Edit: Ha, Ablokeimet, I posted that before reading your message embarrassed

Spikymike
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Oct 12 2013 13:50

The politics of the Socialist Party of England and Wales (ex Militant tendency and not to be confused with the WSM-SPGB) along with it's other CWI affiliates is that of left wing Social Democracy and a weak form of Trotskyism, perhaps novel and newsworthy in the USA context though not in the UK. I thought the WSA article which seemed to treat them as misguided fellow socialists rather than opponents and advocates of a form of state capitalism a bit odd.

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Oct 12 2013 14:07

So we look more sane if we denounce as future overlords, small left groups that might on occasion gain a city councillor from time to time? Sorry, but I think i'm with the WSA on this one.

Spikymike
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Oct 12 2013 14:39

leomarinus,

To criticise left-wing groups and to draw a clear distinction between pro-revolutionary libertarian communist politics and those of the capitalist left is essential and less emotive than to ''denounce'' in some moralistic way. This is not to deny some shared opposition to aspects of the way we get treated in capitalism nor to regard individual members of left groups as 'the enemy' rather than capitalism itself, but it is to recognise and expose the political programme of 'the left' as a false opposition to capitalism.

Of course the WSA may wish these 'socialist' candidates 'the best of luck' but they are presumably not out working to get them elected as such so that's no real support anyway.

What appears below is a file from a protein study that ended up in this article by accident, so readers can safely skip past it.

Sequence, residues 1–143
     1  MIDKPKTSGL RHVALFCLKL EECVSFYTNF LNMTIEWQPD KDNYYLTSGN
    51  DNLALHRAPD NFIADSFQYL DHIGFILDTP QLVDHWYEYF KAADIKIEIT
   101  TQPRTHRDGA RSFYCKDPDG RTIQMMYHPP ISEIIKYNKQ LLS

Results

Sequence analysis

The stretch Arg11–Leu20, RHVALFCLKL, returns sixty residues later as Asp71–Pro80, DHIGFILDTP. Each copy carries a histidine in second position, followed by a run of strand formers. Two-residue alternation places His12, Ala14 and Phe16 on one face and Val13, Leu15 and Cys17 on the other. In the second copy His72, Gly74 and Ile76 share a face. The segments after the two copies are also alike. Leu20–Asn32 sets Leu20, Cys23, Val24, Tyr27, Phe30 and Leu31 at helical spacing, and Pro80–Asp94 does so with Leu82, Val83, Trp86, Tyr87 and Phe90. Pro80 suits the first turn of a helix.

Ablokeimet,

I'm not against all reforms but recognise as you do that the politics of reformism is a never ending treadmill which leaves capitalism the root cause of our problems intact. How though does the SP 'do reforms so well'? I can see from experience how they are able in a rather opportunist way to propagandise in favour of potentially attractive reforms or opposition to obviously harmful ones, but can they actually deliver anything of substance in practice?

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Oct 12 2013 16:31

they are also doing this in boston for a while

https://www.facebook.com/votewhelan.org

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Oct 12 2013 16:35

also it is the opinion of one author on the WSA's I&A not of the WSA...

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Oct 12 2013 16:35

would be worth to discuss to what degree the high results socialist candidates received in some areas (not only CWI candidates, last year, a SPUSA member got elected on a school board in sub-urban New Jersey on a platform which declared that change can't come through parliament, this year, Chokwe Lumumba, a veteran of the NAPO/Malcolm X Grassroots Movement became mayor of Jackson/Mississippi) are a genuine expression by parts of the working class wanting real change or mere protest votes by people who are disgruntled but would also vote for a candidate of the Libertarian Party (which got high results in some areas during last years congress elections) ... the CWI is in my experience - albeit many nice members - as an organization a very sneaky bunch not shy to rip off other orgs or movements to acquire material resources or members

syndicalist
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Oct 12 2013 17:24
klas batalo wrote:
also it is the opinion of one author on the WSA's I&A not of the WSA...

Agreed.